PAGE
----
As for why there would be a reading making it the default that publicly owned documents are accessible to the people, most people support government transparency and accountability and don’t like the government keeping secrets from the people it’s supposed to serve.

                      My definition is not in conflict with the quote above. Your definition is in conflict, because of your blanket inclusion of all publicly owned documents, without regard to the definition’s requirement that any such document be publicly owned “from the time it was created.”

                      It is evident that the definition does not encompass documents created as private documents, but which later come under public ownership.

                      As decided, the case makes no sense.

                      Thanks to Lee Moore for the pointer to the definition in the judgement.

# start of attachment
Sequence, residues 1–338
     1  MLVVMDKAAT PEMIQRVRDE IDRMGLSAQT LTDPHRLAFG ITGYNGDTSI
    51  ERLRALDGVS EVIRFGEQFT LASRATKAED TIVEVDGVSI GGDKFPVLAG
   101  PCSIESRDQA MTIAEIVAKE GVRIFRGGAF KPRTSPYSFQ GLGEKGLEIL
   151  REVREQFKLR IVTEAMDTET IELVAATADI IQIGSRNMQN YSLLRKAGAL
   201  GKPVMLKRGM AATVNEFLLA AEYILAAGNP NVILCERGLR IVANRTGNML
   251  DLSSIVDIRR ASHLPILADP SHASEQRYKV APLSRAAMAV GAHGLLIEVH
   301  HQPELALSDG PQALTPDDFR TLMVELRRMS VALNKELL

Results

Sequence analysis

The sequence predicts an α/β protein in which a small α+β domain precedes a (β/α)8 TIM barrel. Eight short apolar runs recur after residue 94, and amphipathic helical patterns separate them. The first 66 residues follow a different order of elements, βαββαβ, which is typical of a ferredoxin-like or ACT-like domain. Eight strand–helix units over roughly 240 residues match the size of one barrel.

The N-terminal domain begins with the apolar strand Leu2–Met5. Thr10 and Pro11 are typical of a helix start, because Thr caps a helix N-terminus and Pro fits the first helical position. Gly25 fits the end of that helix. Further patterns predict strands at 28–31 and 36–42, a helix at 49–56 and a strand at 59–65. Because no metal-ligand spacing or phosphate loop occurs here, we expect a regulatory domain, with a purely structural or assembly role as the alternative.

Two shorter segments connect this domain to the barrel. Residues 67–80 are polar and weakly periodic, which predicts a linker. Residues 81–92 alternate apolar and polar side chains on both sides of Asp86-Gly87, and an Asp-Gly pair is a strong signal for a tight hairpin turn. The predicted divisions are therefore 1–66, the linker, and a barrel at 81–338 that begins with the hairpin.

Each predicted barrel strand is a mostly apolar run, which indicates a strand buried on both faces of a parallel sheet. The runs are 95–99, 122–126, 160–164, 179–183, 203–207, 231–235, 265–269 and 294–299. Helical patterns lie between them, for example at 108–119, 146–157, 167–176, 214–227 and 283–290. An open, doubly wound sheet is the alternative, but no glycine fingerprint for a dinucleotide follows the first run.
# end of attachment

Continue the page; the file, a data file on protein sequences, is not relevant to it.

4. “It is evident that the definition does not encompass documents created as private documents, but which later come under public ownership.”

                      Is it now? I wonder why the Michigan legislature chose to include statutory exception to the FOIA disclosure requirements for “[t]rade secrets or commercial or financial information voluntarily provided to an agency” if it’s evident that documents created as private documents aren’t included. That “[t]his subdivision does not apply to information submitted as required by law or as a condition of receiving a governmental contract, license, or other benefit” seems rather inconvenient as well. “A bid or proposal by a person to enter into a contract or agreement” certainly isn’t created by a government employee, but they are only exempted from disclosure “until the time for the public opening of bids or proposals.” That means the bids are subject to disclosure after the bid opening. Or what about “[r]ecords of a campaign committee including a committee that receives money from a state campaign fund.” Those don’t sound like they were created by government employees. And how is a government employee generating records subject to “the minister, priest, or Christian Science practitioner privilege” in the course of their employment? Seems awfully silly of them to create a special exemption for all of these categories of documents that were already exempt.